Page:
People are frustrated by what they experience as a quagmire of rules that limit their creativity and, more fundamentally, their ability to do their jobs properly. Very significantly, this frustration is shared by people outside of organizations who regularly interact with them—customers, consumers, and citizens.
An abiding characteristic of modern societies is that, as individuals, we are forced to deal with increasingly faceless organizations bound by rule systems that are stunningly apathetic to our needs. This is true of people’s interactions with energy companies, transport networks, telecom businesses, and the many state agencies with which we are obliged to do business. […]
Today’s guest contributor is Cameron Herold, an executive passionate about good meetings, educator, speaker, driving force behind the growth of 1-800-GOT-JUNK? and author of Double Double. Cameron stepped into leadership young, beginning his first business at age 21.
If that’s so, I have good news for you because it doesn’t have to be this way.
Meetings don’t have to be terrible.
This fellow isn’t alone in his doubts and frustration when first trying out this “diversity thing.” Unsure of what diversity really is but feeling internal and external pressure to have more of it, companies opt to simply define it as “making the numbers.” They then task HR with hiring more women and minorities, and that’s when their troubles begin. […]
Today’s guest contributor is Shawn Murphy, CEO and founder of Switch & Shift, an organization dedicated to the advancement of human-centered organizational practices and leadership. His book, The Optimistic Workplace, has just been released. When not consulting, Shawn can often be found in the classroom teaching, speaking to audiences, or interviewing top thought leaders on his Work That Matters podcast.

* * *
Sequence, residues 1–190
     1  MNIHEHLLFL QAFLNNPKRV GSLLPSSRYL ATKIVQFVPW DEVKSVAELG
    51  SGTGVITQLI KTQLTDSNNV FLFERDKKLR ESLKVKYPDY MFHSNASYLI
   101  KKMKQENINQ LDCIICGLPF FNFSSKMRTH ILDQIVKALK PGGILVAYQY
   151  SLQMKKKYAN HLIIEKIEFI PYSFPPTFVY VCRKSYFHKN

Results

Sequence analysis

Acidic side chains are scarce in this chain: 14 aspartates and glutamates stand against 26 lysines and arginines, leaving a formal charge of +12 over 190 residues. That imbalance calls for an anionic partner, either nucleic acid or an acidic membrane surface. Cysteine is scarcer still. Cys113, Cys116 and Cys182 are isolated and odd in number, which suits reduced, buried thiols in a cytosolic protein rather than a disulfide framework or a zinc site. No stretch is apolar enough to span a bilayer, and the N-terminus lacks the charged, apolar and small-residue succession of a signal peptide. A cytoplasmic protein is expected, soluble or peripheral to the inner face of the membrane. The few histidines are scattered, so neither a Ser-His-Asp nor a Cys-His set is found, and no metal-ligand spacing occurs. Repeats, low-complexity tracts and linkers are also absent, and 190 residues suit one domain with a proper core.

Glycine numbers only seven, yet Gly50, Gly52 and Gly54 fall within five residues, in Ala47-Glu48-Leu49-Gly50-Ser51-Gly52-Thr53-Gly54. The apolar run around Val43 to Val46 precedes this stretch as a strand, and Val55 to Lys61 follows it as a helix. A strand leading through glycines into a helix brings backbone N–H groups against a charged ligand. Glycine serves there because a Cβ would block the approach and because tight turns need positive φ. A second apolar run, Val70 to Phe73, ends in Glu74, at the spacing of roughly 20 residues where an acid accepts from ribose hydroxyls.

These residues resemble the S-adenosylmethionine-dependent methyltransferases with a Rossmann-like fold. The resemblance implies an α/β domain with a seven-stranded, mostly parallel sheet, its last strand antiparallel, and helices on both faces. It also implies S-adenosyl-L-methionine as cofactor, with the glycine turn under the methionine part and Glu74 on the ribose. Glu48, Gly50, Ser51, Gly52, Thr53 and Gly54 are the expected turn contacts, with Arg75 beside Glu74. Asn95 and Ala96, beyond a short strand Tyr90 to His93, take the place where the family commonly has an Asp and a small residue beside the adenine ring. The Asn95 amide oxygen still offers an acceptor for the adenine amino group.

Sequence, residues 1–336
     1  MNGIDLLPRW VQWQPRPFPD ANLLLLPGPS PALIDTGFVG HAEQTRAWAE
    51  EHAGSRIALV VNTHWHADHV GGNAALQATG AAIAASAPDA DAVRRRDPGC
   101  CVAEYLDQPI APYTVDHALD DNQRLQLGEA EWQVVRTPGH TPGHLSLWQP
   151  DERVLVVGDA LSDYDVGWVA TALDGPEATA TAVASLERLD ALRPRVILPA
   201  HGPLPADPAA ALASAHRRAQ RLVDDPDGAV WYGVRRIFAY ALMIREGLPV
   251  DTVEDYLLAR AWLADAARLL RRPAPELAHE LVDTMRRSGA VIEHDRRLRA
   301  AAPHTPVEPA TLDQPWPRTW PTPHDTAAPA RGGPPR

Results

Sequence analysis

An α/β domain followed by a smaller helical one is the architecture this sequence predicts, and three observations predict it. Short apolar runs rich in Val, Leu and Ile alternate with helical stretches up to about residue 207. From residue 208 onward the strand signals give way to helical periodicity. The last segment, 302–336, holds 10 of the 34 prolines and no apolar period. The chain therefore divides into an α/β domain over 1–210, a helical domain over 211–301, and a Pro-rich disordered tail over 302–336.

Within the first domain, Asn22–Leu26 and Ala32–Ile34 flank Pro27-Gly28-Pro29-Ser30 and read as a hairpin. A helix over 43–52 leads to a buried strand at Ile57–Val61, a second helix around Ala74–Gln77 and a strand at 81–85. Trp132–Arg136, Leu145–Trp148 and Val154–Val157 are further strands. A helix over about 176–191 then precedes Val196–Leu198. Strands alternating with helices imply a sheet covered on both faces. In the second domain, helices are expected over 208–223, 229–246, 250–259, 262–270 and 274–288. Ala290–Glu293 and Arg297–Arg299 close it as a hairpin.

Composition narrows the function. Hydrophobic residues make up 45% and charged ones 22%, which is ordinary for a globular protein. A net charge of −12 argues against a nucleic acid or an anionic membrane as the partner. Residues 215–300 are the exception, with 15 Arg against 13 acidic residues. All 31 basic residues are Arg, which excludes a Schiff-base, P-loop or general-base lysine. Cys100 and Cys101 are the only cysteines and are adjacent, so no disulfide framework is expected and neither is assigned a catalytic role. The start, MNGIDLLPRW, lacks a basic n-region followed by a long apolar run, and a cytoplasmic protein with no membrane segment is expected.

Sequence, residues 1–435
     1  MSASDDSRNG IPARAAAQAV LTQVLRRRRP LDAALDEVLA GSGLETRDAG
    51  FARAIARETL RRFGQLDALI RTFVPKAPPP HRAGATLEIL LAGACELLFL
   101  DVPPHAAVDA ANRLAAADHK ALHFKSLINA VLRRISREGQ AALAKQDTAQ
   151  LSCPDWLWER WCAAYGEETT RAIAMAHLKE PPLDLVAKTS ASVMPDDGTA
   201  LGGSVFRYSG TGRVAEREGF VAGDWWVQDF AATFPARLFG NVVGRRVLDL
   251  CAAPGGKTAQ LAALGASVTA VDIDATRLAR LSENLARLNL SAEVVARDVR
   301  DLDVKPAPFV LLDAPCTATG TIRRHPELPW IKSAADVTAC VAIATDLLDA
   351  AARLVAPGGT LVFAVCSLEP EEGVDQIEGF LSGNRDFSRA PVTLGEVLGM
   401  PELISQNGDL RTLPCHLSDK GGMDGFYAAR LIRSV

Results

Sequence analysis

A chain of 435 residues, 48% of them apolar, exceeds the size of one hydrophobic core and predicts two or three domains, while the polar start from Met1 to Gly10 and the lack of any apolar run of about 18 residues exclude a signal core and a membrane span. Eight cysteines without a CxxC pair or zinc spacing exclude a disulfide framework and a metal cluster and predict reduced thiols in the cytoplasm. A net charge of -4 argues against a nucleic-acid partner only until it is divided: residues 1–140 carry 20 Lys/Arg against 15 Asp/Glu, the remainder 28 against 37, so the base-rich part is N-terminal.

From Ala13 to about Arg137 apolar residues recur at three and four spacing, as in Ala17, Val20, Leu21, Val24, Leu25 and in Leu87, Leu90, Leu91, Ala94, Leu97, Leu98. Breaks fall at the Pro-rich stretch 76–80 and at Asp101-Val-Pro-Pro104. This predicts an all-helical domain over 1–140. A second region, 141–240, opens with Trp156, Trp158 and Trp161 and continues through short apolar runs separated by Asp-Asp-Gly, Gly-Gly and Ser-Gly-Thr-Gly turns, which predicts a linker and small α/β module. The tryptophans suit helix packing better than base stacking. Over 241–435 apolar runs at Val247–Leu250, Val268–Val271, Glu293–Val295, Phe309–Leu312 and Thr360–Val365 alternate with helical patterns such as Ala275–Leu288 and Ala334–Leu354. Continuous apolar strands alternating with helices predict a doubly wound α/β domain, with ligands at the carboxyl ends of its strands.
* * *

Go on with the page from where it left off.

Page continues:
When it comes to work these days, we’re all expected to do more with less–but is this nose-to-the-grindstone philosophy the best way to run a business? Alarmingly low employee engagement numbers indicate otherwise.
So, if pushing everyone harder isn’t the path to productivity, what is?
I believe that our best work is the product of a positive environment. How it feels to work within an organization is a critical workforce development issue.
LeadBIG welcomes back guest contributor Debora McLaughlin, CEO of The Renegade Leader Coaching and Consulting Group, executive coach, and author. Debora helps women, business owners, executives, and managers ignite their inner renegade leader to unleash their full potential, drive their visions, and yield positive results both in business and in life.
That’s according to a recent report from the Harvard Business Review, which makes the case that traditional thinking – that women should be treated no differently than men in corporate settings – is both flawed and regressive.
A major point made in HBR post is that only about 20 percent of businesswomen make partner. By expecting the same performance and outcomes from women that we expect from men, the corporate world is consciously and unconsciously excluding female leadership. […]